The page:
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Genomic perspectives on the circadian clock hypothesis of psychiatric disorders.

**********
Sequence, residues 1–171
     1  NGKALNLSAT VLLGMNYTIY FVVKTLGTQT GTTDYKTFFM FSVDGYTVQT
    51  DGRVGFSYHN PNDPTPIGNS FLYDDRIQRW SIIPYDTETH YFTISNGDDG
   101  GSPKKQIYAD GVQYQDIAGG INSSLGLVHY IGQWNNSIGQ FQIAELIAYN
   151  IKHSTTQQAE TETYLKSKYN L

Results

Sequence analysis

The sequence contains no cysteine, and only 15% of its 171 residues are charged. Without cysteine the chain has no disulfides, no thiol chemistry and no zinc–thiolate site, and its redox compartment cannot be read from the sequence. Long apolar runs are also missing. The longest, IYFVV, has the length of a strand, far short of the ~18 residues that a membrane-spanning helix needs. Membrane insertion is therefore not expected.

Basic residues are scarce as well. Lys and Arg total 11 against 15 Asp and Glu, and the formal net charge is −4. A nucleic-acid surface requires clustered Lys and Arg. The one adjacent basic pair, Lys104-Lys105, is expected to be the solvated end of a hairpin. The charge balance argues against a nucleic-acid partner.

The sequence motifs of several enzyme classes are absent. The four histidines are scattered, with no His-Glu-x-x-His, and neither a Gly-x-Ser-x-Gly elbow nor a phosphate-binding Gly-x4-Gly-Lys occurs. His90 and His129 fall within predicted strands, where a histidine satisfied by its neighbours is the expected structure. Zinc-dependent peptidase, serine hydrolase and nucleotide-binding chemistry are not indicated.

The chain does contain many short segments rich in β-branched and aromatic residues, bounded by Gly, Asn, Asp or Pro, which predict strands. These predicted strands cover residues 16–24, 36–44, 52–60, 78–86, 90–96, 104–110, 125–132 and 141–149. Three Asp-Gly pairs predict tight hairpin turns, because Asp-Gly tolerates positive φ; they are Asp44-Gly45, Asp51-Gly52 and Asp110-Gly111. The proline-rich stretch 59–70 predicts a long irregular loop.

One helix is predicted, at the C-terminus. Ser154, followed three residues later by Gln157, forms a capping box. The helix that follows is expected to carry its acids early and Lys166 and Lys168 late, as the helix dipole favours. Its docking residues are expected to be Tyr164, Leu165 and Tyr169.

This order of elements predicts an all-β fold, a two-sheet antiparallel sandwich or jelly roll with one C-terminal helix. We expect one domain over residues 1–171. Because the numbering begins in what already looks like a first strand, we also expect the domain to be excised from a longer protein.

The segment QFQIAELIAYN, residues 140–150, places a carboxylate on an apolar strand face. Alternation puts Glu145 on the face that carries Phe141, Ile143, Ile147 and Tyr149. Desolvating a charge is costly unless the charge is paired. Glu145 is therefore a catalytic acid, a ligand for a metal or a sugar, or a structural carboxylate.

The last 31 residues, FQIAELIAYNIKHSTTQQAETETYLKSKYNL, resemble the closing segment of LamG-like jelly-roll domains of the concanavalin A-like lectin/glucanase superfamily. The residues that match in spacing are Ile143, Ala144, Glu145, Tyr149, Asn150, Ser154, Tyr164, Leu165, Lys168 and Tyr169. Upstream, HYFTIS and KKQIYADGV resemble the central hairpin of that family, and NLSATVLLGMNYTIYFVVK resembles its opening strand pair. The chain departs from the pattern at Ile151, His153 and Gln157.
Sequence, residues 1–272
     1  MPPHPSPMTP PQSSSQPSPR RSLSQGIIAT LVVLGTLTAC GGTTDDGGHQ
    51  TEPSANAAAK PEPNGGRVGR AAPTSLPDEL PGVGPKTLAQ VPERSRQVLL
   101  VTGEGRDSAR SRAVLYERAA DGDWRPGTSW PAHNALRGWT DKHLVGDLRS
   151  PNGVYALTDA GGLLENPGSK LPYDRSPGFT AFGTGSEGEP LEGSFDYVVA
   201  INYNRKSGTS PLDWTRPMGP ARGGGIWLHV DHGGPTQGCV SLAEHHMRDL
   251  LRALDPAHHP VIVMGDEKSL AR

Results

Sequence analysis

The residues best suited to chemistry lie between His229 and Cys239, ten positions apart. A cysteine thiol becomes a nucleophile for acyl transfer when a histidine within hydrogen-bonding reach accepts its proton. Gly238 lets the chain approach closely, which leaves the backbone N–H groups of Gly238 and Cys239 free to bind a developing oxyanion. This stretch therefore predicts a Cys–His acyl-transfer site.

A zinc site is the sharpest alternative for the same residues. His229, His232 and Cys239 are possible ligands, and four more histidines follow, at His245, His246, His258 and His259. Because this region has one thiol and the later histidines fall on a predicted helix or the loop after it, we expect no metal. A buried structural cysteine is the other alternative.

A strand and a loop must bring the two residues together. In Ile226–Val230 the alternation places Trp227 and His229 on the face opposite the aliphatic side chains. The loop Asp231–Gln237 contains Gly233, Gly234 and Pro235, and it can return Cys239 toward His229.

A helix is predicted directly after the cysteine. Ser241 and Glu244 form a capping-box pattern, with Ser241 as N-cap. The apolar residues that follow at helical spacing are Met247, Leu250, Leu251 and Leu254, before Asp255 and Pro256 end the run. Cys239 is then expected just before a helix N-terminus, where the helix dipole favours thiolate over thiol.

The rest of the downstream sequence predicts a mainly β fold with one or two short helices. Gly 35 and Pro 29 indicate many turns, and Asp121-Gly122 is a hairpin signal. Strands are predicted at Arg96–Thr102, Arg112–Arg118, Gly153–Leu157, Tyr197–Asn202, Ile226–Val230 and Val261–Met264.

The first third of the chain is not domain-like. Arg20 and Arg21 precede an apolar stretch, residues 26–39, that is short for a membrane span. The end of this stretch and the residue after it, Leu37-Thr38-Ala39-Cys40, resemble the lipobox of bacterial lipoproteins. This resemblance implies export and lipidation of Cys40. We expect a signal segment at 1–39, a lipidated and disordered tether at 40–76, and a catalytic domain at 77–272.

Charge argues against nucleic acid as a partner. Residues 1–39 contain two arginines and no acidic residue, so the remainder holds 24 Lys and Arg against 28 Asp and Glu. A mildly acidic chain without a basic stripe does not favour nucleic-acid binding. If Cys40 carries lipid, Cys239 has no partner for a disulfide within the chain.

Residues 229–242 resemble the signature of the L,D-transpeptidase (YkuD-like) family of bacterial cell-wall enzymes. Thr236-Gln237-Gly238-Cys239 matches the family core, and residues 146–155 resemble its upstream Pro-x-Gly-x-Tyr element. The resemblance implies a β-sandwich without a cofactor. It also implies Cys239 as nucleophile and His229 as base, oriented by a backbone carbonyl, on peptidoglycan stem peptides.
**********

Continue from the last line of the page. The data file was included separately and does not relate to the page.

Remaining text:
Circadian rhythm disturbances are frequently described in psychiatric disorders such as major depressive disorder, bipolar disorder, and schizophrenia. Growing evidence suggests a biological connection between mental health and circadian rhythmicity, including the circadian influence on brain function and mood and the requirement for circadian entrainment by external factors, which is often impaired in mental illness. Mental (as well as physical) health is also adversely affected by circadian misalignment. The marked interindividual differences in this combined susceptibility, in addition to the phenotypic spectrum in traits related both to circadian rhythms and mental health, suggested the possibility of a shared genetic background and that circadian clock genes may also be candidate genes for psychiatric disorders. This hypothesis was further strengthened by observations in animal models where clock genes had been knocked out or mutated. The introduction of genome-wide association studies (GWAS) enabled hypothesis-free testing. GWAS analysis of chronotype confirmed the prominent role of circadian genes in these phenotypes and their extensive polygenicity. However, in GWAS on psychiatric traits, only one clock gene, ARNTL (BMAL1) was identified as one of the few loci differentiating bipolar disorder from schizophrenia, and macaque monkeys where the ARNTL gene has been knocked out display symptoms similar to schizophrenia. Another lesson from genomic analyses is that chronotype has an important genetic correlation with several psychiatric disorders and that this effect is unidirectional. We conclude that the effect of circadian disturbances on psychiatric disorders probably relates to modulation of rhythm parameters and extend beyond the core clock genes themselves.

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